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Wednesday, 22 August 2001
Page: 30006


Mr KELVIN THOMSON (5:57 PM) —I move opposition amendment No. 1:

(1) Schedule 1, item 22, page 20 (line 19), at the end of subclause 25(1), add:

; or

(f) the person is not a fit and proper person.

In moving this amendment I indicate to the House that this amounts to an additional clause 25, on the matter of disqualified persons, which would include or require that a person is a disqualified person if they are not a fit and proper person. The House might remember that Labor moved an amendment to the Financial Sector Legislation Amendment Bill (No. 1) to require that bank directors be fit and proper persons. This was because the bill required superannuation trustees to be fit and proper persons. The government argued for more time so that APRA could draft proper standards. This is being done and there is currently a draft prudential banking standard out for consultation that requires bank directors to be fit and proper persons.

The insurance prudential standards also introduce a fit and proper person test. APRA appears to have decided that the appropriate place for a fit and proper person test is in regulation rather than in legislation. I believe there is a strong argument that it should exist in legislation. I guess the case for regulation is that it allows for greater flexibility for change, but we think that a fit and proper person test should be in legislation, as it is fundamental. We want to make this point to APRA and feel that the House as a whole ought to make this point to APRA.

As I understand it, the government has a problem with this in terms of the subjectivity of the test. Our position would be that, if fit and proper persons tests are subjective tests, why is it the case that we have a fit and proper person test for superannuation trustees in the Financial Sector Legislation Amendment Bill (No. 1). We do not think that we should have inconsistent legislation and regulatory arrangements between different areas of the finance sector on this point. So we feel it is appropriate to have the fit and proper person test set out in legislation.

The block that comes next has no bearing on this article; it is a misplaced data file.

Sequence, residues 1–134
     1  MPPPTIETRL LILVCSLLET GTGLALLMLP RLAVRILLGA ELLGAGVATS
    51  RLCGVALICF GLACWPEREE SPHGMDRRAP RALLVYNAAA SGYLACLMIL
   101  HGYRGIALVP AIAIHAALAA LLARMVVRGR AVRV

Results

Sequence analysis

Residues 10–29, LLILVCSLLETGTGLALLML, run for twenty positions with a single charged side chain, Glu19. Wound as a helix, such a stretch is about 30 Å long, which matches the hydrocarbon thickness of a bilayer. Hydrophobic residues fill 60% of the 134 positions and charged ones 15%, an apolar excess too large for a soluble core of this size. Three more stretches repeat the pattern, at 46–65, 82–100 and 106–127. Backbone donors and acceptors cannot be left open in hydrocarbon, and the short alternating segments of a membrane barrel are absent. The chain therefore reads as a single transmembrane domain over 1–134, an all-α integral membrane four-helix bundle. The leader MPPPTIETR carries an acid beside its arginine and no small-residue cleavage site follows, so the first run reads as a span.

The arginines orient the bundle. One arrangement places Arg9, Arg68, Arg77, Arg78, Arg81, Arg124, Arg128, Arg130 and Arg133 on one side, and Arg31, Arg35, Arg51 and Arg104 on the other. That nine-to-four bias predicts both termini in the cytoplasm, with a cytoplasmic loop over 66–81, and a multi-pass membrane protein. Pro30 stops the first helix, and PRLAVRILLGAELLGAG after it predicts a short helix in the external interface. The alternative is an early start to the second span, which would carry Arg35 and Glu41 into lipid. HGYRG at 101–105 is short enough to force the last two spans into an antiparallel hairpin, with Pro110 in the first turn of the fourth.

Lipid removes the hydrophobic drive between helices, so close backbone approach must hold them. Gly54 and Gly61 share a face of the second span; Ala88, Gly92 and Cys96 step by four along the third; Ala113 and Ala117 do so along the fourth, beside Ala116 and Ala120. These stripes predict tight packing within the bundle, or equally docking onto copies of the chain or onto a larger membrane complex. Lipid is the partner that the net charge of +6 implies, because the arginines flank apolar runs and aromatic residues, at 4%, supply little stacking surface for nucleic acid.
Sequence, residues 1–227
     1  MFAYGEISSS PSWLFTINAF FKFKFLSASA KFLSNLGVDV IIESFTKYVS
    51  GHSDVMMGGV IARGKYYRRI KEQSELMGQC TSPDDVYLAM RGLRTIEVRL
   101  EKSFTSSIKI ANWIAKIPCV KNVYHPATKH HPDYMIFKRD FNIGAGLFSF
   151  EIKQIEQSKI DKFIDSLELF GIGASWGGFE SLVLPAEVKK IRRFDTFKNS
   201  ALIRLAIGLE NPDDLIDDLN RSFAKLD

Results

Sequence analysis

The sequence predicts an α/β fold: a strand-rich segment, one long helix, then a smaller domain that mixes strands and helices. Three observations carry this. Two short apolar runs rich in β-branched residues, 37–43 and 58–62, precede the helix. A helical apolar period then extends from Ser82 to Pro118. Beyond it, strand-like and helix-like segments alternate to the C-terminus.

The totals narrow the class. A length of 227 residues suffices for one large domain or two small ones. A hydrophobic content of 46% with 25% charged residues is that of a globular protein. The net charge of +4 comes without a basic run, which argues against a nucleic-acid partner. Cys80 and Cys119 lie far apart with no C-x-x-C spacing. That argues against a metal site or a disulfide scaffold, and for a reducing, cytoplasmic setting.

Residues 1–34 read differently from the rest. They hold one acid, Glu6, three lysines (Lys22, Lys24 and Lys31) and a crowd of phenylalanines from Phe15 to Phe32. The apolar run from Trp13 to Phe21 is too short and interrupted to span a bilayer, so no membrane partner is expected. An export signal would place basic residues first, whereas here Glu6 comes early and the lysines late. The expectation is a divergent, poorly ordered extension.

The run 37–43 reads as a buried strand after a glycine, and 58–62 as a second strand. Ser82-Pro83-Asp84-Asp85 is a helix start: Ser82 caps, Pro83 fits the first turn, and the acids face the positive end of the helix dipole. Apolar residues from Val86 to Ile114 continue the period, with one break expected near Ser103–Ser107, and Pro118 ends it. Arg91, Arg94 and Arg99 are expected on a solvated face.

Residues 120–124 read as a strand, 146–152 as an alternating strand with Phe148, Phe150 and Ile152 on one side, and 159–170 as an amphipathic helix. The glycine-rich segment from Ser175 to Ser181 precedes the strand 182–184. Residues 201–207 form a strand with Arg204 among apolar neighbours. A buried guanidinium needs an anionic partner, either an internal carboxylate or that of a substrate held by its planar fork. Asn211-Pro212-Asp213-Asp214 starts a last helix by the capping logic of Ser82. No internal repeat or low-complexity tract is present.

To assist the minister, I indicate to the House that it seems to me that, in this area of general insurance, the importance of a fit and proper person test is absolute. In debate on this bill and in debate on other bills associated with the collapse of HIH Insurance, I have indicated to the House our concerns with regard to the conduct of particular persons involved in the collapse of HIH. I do not want to recanvas or go over that ground here again, but these concerns are broad. The HIH collapse, involving taxpayers in a $640 million liability over the next five to 10 years and the requirement for an unprecedented royal commission involving, if not the largest corporate collapse in Australian history, certainly the largest insurance company collapse in Australian history, with an estimate of between $2.7 billion and $4 billion in liabilities at present, is a matter of the greatest concern.

In our view, it underscores the need for a fit and proper person test to be included in a legislative sense. We need to make it clear that, if it is good enough to have such a test for superannuation trustees, it is certainly good enough to have such a test for those involved in the running of general insurance companies. One of the things we have to do in this country is restore the reputation of general insurance following the collapse of HIH Insurance. We think that the collapse itself and the government's handling of it have done immense damage to the reputation of general insurance in this country. The regulatory regime that is adopted from here on in is essential for the restoration of public confidence. A fit and proper person test set out in legislation is necessary for the restoration of public confidence.

As I indicated previously, there are areas that we expect the royal commission to examine; for example, the conduct of individuals who have been associated with the running of HIH and also FAI Insurance, which was bought by HIH after June 1998. (Time expired)